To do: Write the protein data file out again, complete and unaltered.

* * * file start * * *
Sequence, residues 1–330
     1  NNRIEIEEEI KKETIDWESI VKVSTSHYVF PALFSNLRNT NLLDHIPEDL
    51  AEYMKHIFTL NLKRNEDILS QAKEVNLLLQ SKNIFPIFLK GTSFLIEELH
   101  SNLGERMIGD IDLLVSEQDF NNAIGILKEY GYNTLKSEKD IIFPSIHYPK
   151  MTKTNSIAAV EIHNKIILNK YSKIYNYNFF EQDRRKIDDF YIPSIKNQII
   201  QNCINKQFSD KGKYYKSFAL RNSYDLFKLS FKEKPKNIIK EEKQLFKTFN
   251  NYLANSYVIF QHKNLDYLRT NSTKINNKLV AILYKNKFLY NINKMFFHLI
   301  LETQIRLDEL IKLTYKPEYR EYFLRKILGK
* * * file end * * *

Sequence, residues 1–330
     1  NNRIEIEEEI KKETIDWESI VKVSTSHYVF PALFSNLRNT NLLDHIPEDL
    51  AEYMKHIFTL NLKRNEDILS QAKEVNLLLQ SKNIFPIFLK GTSFLIEELH
   101  SNLGERMIGD IDLLVSEQDF NNAIGILKEY GYNTLKSEKD IIFPSIHYPK
   151  MTKTNSIAAV EIHNKIILNK YSKIYNYNFF EQDRRKIDDF YIPSIKNQII
   201  QNCINKQFSD KGKYYKSFAL RNSYDLFKLS FKEKPKNIIK EEKQLFKTFN
   251  NYLANSYVIF QHKNLDYLRT NSTKINNKLV AILYKNKFLY NINKMFFHLI
   301  LETQIRLDEL IKLTYKPEYR EYFLRKILGK